Which Hollywood Players Get Screwed When Films Skip Theaters for Streaming

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“It’s not a good business plan for our producer clients or our filmmakers,” one agent tells TheWrap


With movie theaters closed, some studios have sold their films to streaming platforms for a good chunk of change — but in reality, those deals aren’t always satisfactory and some people involved with the sold movie get screwed more than others. Despite streamers paying 20-30% above budget to give the studio some profit margin, multiple insiders told TheWrap that first-time filmmakers and producers, particularly producers who don’t have giant résumés or a bunch of credits to their name, get the worst deal when a film heads to a streamer. “We are actually not trying to encourage our clients to only go to the streamers… it’s not a good business plan for our producer clients or our filmmakers,” one agent, who has been involved with many of the theater-to-streamer deals this year, told TheWrap. “We don’t have a real system in place for what it means for agents and everyone involved when a film goes from theatrical to streamers. Disney and Warner Bros., for example, are not paying our clients what they should be when the film goes to streaming. It’s not like they get big buyouts as soon as they go to a streamer.”

He explained that when you make a deal with the streamer directly, the seller will recoup the production budget plus a fee and an additional buyout — but that buyout doesn’t imagine the film to be a huge box office success that would trigger backend payouts under the typical theatrical distribution model. Instead, the parties presume a middle-ground return.

“[Our clients] aren’t getting massive payouts, and they would do much better to wait,” he said.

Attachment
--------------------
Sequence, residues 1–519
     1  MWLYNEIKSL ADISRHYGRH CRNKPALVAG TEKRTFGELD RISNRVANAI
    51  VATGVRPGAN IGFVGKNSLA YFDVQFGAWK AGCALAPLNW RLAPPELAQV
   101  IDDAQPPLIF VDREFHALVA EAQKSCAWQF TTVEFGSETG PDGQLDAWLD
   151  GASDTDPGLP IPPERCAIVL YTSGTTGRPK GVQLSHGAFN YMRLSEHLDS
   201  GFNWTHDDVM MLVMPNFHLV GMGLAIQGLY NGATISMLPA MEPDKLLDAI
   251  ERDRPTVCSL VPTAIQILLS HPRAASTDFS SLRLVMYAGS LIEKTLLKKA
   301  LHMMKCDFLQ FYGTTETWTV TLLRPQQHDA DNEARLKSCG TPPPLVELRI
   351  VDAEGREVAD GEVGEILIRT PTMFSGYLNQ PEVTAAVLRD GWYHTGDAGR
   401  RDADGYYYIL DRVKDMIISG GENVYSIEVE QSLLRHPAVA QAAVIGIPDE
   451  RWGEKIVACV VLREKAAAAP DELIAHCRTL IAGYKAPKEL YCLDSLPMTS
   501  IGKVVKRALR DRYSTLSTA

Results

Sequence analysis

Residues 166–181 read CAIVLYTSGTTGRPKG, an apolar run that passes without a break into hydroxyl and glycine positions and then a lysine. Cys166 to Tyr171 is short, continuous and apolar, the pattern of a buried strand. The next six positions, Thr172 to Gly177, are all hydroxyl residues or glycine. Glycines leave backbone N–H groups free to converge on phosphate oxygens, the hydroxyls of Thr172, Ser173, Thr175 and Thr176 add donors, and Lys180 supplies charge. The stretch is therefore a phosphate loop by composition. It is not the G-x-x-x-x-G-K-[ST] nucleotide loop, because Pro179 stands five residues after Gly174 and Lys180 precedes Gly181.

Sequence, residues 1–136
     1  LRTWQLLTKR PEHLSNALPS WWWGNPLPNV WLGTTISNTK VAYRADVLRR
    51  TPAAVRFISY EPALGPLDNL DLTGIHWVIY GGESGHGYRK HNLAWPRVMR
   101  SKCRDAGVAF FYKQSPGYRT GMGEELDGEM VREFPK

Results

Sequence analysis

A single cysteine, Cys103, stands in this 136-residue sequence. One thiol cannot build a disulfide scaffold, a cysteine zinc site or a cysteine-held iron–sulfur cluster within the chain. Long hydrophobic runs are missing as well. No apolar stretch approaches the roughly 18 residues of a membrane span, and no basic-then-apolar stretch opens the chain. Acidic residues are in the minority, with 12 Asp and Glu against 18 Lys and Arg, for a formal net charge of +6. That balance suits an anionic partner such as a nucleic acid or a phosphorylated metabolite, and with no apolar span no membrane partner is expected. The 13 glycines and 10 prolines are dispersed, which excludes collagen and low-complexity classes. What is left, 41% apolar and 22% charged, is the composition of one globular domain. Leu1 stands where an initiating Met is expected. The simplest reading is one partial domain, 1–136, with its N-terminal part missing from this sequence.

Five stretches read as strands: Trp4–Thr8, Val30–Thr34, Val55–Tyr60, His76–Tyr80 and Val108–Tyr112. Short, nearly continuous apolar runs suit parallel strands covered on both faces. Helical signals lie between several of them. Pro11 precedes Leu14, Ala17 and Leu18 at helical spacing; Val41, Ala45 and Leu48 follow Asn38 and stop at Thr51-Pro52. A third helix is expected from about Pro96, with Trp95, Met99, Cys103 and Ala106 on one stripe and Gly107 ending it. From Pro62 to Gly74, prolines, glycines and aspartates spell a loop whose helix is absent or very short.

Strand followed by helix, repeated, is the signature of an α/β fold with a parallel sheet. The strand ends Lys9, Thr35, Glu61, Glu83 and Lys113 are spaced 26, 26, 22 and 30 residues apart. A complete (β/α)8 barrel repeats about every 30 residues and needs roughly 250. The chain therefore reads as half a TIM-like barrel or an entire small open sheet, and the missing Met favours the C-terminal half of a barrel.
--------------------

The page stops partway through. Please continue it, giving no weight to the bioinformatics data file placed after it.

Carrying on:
To clarify: The budget is the hard cost spent to make the film; the fee is an added 20-30% paid to license the project; and the buyout offers to make up for the typical backend bonuses that key participants receive based on box office performance. One Hollywood producer agreed that streamers currently pay everyone’s backends that they would get if the film were a modest hit. So, if a film is predicted a modest hit but would have exceeded $1 billion at the box office had it gone down the theatrical route, the talent involved could potentially get a bad deal from the streamers. At the same time, he said, they have to pay out backends more generously to convince talent to accept the deal. These deals, he said, aren’t going to be as lucrative a year from now. “Producers, in general, don’t get great deals at Netflix or Amazon, at maximum a $200 million fee and a budget, with $1 million or $2 million buyout,” the agent said. “That’s a pretty limited backend for a producer who has worked for 10 years and if the film is good. That producer doesn’t get more money on Netflix. It’s not a good business plan for our producer clients.” But if you don’t have backend deals, you’re in an even tougher spot. “If you don’t have a backend — if you’re a beginner director or a non-backend producer — then you’re totally screwed,” the producer said. One other agent said that it extends to talent, as well: “All creative parties like the talent and producers get screwed because you’ve just lost a window of revenue. So your backend is potentially impacted (even though a streamer buys that out).” He explained that there may be fewer opportunities for filmmakers like Todd Phillips, who became an A-list director because of a low-budget, high-profit film like “The Hangover” that netted him a lot of backend money. However, one insider said that every deal is different and everyone in Hollywood has their own backend language, which is converted differently when you take a film to streamers and the upfront fee is calculated. The insider also said the deals really depend on an individual’s leverage, and it’s important to note that studio backends are sometimes paid over a long period of time. In this case, a streaming deal ensures a faster payout. Some studios, of course, have just been offloading films to their own streaming services, like Disney to Disney+ and Warner Bros. to HBO Max. But the producer said that’s not a good situation for producers either.